The need for biparentally inherited, nuclear DNA markers useful at lower taxonomic levels in plant systematics research has revealed several exciting possibilities. One includes the granule-bound starch synthase I (GBSSI) gene comprising 13 translated exons and 12 introns in most species examined. Rubus (Rosaceae) typifies a group where GBSSI sequences may yield valuable information. Sequences of the nrDNA ITS region and, more recently, of three chloroplast DNA regions initially provided insight into the systematics of Rubus. However, none offers sufficient numbers of phylogenetically informative characters to generate robust hypotheses of relationship. Thus, we sequenced the 5' end of the GBSSI gene for five Rubus species representing three clades. GBSSI in Rubus and Rosa (both Rosoideae) occurs at two paralogous loci; GBSSI-1 and GBSSI-2. The region we sequenced includes seven complete exons, two partial exons, and eight introns. Total number of aligned nucleotides is 2157 using Rosa as an outgroup, with exons and introns ranging in length from 64 to 244 bp and from 64 to 477 bp, respectively. Analysis of exons and introns or introns alone recovers a single most parsimonious tree which is consistent with both ITS and chloroplast phylogenies generated previously. Although pairwise divergences for distantly related species are slightly lower for GBSSI-1 introns than for ITS 1 + ITS 2, they are notably higher for closely related species; divergence between R. cuneifolius and R. hispidus is 0.4% for ITS but 2.1% for GBSSI-1. Percent parsimony-informative characters is also higher in GBSSI-1 (6.0%) than in ITS (2.0%). Given that aligned sequences of GBSSI-1 introns are nearly 2.5-fold longer than ITS 1 + ITS 2 (1216 bp vs. 493 bp, respectively) and show higher levels of divergence, we believe the 5' region of GBSSI-1 holds great promise for phylogeny reconstruction of Rubus and potentially other plant groups, especially at lower taxonomic levels.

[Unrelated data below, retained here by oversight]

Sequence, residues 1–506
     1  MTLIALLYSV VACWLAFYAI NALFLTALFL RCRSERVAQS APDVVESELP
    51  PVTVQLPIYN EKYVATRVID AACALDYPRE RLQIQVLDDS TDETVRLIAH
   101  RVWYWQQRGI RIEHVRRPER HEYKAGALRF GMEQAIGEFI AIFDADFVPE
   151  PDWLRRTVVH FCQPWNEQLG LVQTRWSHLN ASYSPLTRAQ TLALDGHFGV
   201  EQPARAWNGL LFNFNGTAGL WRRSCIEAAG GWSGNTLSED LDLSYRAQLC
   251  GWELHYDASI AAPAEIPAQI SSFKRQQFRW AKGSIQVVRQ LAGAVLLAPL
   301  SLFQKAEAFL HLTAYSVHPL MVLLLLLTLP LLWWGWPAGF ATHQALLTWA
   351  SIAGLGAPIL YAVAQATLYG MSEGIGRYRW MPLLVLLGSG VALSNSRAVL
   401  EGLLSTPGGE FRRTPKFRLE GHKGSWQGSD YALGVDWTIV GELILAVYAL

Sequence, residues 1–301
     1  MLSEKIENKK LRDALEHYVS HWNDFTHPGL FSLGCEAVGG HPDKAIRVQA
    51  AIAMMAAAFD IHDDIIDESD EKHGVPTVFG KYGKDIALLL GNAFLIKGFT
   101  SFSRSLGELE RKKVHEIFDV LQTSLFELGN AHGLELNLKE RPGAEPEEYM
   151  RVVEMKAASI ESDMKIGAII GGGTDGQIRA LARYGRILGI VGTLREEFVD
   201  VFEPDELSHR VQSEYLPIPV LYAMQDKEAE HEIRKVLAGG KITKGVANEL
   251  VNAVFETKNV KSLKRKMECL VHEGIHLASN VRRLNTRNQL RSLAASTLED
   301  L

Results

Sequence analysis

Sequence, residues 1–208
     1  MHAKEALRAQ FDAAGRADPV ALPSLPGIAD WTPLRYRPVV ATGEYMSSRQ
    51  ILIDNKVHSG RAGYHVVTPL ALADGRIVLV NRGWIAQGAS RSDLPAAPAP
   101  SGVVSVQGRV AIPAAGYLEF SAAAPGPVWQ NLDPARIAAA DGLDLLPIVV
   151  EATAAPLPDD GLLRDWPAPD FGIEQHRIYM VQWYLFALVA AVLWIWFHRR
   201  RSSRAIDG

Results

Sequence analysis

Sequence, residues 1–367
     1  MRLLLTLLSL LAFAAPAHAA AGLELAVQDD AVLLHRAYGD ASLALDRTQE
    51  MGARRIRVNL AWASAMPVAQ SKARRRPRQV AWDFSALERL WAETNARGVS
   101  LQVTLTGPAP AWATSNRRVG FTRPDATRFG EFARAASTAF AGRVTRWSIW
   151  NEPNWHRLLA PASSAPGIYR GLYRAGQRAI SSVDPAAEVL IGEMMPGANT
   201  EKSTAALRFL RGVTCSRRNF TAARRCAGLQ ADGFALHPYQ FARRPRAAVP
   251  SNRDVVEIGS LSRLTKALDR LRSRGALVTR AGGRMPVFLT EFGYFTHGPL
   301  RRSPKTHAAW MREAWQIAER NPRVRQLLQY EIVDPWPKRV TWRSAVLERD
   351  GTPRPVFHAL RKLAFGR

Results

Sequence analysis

Key words: GBSSI, phylogeny, Rosaceae, Rubus, systematics